• 447. eBook brought to you by Create, view, and edit PDF. Download the free trial version.The Odysseysuitors in the house as I am than you, I would soon sendsome of them off sick and sorry, for they mean mischief.’ Thus did he speak, and they all of them laughedheartily, which put them in a better humour withTelemachus; so Eumaeus brought the bow on and placedit in the hands of Ulysses. When he had done this, hecalled Euryclea apart and said to her, ‘Euryclea,Telemachus says you are to close the doors of thewomen’s apartments. If they hear any groaning or uproaras of men fighting about the house, they are not to comeout, but are to keep quiet and stay where they are at theirwork.’ Euryclea did as she was told and closed the doors ofthe women’s apartments. Meanwhile Philoetius slipped quietly out and madefast the gates of the outer court. There was a ship’s cableof byblus fibre lying in the gatehouse, so he made thegates fast with it and then came in again, resuming theseat that he had left, and keeping an eye on Ulysses, whohad now got the bow in his hands, and was turning itevery way about, and proving it all over to see whetherthe worms had been eating into its two horns during hisabsence. Then would one turn towards his neighboursaying, ‘This is some tricky old bow-fancier; either he has 447 of 550
  • 448. The Odysseygot one like it at home, or he wants to make one, in suchworkmanlike style does the old vagabond handle it.’ Another said, ‘I hope he may be no more successful inother things than he is likely to be in stringing this bow.’ But Ulysses, when he had taken it up and examined itall over, strung it as easily as a skilled bard strings a newpeg of his lyre and makes the twisted gut fast at bothends. Then he took it in his right hand to prove the string,and it sang sweetly under his touch like the twittering of aswallow. The suitors were dismayed, and turned colour asthey heard it; at that moment, moreover, Jove thunderedloudly as a sign, and the heart of Ulysses rejoiced as heheard the omen that the son of scheming Saturn had senthim. He took an arrow that was lying upon the table{165}—for those which the Achaeans were so shortlyabout to taste were all inside the quiver—he laid it on thecentre-piece of the bow, and drew the notch of the arrowand the string toward him, still seated on his seat. Whenhe had taken aim he let fly, and his arrow pierced everyone of the handle-holes of the axes from the first onwardstill it had gone right through them, and into the outercourtyard. Then he said to Telemachus: 448 of 550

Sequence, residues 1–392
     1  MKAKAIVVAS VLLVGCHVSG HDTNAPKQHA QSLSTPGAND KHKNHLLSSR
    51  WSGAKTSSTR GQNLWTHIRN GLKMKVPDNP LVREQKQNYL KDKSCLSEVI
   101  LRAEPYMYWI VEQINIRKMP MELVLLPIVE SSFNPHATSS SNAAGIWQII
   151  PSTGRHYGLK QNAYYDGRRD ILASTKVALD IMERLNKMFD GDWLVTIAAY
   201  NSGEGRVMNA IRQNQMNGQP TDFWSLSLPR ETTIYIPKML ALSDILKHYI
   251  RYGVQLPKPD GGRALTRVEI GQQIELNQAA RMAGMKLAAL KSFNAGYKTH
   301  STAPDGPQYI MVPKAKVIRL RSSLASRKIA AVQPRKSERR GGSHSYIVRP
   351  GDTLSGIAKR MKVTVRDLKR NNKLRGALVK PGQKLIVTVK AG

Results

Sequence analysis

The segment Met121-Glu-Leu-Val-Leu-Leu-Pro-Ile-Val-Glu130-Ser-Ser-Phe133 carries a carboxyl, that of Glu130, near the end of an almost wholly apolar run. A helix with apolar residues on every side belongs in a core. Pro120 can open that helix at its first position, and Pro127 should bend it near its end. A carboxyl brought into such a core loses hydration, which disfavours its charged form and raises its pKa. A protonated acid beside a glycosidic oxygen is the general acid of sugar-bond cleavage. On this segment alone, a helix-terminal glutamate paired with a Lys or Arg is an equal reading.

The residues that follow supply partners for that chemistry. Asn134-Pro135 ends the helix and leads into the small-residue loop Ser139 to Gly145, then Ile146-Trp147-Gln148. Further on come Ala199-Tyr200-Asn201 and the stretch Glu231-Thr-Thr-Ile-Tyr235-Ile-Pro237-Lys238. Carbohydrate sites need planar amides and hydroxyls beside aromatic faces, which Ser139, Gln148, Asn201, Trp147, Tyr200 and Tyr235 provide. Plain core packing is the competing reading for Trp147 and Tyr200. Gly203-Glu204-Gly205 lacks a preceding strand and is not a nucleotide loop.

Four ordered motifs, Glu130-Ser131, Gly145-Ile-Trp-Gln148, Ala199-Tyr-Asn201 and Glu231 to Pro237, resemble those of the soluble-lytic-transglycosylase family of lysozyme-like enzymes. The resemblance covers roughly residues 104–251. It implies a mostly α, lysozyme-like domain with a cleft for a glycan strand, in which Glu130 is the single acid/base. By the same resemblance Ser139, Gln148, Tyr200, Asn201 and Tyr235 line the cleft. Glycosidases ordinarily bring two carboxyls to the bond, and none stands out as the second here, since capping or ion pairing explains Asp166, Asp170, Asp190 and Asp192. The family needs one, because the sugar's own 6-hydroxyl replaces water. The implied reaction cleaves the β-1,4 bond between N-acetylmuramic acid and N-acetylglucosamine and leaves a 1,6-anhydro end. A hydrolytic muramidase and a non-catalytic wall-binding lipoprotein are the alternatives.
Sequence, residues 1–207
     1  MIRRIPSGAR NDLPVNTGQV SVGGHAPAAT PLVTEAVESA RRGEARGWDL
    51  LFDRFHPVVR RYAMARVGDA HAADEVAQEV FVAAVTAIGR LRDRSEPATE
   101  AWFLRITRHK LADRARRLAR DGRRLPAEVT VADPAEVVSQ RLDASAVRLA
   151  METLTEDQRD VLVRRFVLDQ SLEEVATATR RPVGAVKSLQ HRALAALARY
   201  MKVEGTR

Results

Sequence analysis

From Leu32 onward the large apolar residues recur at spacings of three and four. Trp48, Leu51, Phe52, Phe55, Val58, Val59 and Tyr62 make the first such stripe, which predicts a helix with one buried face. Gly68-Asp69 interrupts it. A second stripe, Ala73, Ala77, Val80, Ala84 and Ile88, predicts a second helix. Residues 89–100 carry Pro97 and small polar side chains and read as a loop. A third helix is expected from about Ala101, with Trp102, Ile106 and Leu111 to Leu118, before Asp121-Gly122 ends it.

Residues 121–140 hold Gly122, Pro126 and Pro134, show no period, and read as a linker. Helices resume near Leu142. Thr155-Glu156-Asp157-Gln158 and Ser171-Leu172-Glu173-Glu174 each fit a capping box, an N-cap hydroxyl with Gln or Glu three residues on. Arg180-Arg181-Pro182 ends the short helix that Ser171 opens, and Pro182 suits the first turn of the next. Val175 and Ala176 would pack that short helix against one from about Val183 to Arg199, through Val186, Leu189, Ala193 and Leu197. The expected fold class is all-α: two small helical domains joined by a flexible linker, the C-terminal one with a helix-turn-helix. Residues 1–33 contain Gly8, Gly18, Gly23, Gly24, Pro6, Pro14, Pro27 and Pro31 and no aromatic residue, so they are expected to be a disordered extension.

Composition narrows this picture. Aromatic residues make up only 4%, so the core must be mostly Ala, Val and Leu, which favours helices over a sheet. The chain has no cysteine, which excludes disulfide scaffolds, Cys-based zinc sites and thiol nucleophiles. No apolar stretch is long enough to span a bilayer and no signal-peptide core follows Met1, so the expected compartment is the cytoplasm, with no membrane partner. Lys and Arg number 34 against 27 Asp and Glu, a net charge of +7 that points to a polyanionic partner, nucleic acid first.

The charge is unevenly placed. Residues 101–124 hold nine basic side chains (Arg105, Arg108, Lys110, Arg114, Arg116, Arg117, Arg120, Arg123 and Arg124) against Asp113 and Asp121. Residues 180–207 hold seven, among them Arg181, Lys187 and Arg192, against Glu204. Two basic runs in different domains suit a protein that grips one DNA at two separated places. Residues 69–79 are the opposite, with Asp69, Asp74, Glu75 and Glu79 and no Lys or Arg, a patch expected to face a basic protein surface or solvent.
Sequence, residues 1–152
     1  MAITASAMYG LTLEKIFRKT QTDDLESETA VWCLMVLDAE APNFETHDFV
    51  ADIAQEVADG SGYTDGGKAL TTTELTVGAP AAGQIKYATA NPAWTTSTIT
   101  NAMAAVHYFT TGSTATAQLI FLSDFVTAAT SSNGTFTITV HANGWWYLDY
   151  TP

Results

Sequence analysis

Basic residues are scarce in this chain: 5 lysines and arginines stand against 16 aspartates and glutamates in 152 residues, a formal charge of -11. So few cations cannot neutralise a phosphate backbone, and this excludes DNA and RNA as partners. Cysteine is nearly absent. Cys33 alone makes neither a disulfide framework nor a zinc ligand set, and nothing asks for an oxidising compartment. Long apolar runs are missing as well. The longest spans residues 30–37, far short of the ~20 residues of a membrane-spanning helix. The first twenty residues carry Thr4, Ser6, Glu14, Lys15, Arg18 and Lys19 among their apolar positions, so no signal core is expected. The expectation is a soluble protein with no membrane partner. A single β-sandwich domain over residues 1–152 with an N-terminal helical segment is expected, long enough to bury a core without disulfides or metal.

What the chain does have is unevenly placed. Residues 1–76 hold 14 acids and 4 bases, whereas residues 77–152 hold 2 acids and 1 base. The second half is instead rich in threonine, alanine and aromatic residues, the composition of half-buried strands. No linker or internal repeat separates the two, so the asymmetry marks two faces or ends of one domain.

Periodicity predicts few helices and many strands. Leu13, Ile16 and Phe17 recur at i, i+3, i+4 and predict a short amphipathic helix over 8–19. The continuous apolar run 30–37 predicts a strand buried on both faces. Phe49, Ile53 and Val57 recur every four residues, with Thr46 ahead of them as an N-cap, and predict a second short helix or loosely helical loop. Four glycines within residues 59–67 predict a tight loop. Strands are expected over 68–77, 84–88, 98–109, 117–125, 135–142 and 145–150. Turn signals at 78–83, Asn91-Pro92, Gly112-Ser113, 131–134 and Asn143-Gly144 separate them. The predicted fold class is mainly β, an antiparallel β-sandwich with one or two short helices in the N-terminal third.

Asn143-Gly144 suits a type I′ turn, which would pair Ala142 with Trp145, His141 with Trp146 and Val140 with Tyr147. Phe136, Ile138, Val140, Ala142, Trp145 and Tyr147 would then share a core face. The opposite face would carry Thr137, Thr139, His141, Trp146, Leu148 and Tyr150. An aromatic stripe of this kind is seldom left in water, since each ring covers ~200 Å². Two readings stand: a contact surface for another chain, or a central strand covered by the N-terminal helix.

• 449. The Odyssey ‘Your guest has not disgraced you, Telemachus. I didnot miss what I aimed at, and I was not long in stringingmy bow. I am still strong, and not as the suitors twit mewith being. Now, however, it is time for the Achaeans toprepare supper while there is still daylight, and thenotherwise to disport themselves with song and dancewhich are the crowning ornaments of a banquet.’ As he spoke he made a sign with his eyebrows, andTelemachus girded on his sword, grasped his spear, andstood armed beside his father’s seat. 449 of 550